Read: 1 Corinthians 13

So now faith, hope, and love abide, these three; but the greatest of these is love. (v. 13)

Love is the greatest and most costly Christian virtue, and it is the way in which we most imitate God. God does not need fortitude, temperance, or prudence because he is omnipotent and omniscient. But God is love. We could cultivate all of the other virtues, but if we miss love, all of our hard work is for nothing.

As with the other virtues, Christian love is not a feeling. It is a condition of the will that is developed through habit and prayer. If I want to love my neighbor, I don’t need to consult my feelings about him. Instead, I need to examine my actions toward him. Am I actively seeking my neighbor’s good? The best way to love my neighbor is to act as though I do. The feelings will come later, perhaps.

Christian love is costly because it requires us to put to death our own will. This means we will have to love others even when it is extremely painful—the humility of loving an enemy, the anguish of loving a wayward child, the misery of loving an unfaithful spouse. These moments when love seems impossible are also the times when we most reflect Christ who, out of love for us, suffered death on a cross—even while we were sinners (Rom. 5:8).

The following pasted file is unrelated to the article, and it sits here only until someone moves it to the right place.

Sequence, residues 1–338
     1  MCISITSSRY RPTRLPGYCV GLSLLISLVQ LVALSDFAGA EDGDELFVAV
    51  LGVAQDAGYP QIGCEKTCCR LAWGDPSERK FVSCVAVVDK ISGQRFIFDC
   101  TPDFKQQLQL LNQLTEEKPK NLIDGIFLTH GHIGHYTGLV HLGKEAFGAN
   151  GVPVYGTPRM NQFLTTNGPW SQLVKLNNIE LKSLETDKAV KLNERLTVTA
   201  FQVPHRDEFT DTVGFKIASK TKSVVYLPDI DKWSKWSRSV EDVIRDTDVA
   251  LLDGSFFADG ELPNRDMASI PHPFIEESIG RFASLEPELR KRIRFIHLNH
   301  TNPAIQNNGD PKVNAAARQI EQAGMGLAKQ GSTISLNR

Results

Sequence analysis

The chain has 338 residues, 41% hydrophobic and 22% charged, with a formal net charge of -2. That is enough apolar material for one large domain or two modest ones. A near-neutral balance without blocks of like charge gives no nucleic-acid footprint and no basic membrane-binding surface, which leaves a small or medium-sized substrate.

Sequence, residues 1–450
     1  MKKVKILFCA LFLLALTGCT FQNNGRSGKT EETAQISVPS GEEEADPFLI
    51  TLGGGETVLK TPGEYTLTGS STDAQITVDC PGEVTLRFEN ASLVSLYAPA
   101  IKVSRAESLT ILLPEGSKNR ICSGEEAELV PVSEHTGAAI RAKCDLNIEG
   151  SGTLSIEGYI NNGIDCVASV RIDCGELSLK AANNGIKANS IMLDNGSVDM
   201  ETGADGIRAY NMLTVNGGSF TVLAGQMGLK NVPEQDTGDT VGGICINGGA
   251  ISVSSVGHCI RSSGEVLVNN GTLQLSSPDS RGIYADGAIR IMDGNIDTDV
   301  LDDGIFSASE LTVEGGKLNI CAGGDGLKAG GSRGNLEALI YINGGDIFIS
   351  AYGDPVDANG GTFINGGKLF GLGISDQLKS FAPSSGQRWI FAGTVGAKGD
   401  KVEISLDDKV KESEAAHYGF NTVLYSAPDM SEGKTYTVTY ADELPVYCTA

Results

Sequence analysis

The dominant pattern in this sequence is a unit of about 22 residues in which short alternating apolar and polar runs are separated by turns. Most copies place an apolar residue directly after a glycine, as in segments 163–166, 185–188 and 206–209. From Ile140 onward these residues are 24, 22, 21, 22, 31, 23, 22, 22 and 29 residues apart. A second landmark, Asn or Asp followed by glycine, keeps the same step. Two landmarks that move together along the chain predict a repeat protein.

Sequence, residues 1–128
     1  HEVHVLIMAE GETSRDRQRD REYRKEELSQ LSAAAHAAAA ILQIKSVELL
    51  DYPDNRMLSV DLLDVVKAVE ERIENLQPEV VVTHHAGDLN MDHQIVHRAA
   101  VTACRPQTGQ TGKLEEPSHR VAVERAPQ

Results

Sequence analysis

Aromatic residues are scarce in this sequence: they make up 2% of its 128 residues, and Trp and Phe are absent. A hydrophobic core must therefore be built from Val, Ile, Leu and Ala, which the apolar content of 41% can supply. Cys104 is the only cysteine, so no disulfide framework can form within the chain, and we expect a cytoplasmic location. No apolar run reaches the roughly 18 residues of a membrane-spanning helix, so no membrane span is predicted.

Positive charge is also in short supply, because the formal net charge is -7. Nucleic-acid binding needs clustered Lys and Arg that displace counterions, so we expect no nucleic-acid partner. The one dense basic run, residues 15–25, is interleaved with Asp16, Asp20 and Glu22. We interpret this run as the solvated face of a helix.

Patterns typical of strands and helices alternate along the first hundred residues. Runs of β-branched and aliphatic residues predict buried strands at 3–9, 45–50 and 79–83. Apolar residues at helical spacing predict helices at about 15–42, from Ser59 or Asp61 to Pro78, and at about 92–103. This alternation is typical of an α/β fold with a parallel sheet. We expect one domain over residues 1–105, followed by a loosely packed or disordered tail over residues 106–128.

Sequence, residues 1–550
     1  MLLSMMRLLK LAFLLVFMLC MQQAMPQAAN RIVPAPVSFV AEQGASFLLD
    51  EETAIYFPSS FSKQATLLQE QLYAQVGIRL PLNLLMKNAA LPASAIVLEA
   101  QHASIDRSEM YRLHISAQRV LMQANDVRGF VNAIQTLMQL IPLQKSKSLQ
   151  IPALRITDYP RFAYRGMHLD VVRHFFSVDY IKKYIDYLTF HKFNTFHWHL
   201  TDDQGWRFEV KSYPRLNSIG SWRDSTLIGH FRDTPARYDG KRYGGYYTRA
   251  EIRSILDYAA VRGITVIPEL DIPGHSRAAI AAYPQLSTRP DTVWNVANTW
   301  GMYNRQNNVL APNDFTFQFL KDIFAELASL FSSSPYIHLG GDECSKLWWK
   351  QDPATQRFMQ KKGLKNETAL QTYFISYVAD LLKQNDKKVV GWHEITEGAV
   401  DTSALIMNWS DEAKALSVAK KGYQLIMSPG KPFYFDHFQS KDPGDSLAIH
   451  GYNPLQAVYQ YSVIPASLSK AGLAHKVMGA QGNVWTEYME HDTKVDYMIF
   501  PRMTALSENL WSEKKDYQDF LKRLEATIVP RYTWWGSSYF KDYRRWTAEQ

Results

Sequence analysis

Finally, love is the greatest virtue because it is lasting. When Christ returns, we will no longer need faith or hope. Then we shall see the One whom we love, who is Love. —Jane Olson

As you pray, ask God to show you to how to love as he has loved you.

About the Author

Jane Olson is a college counselor and high school teacher. She lives in Portland, Oregon with her husband and children.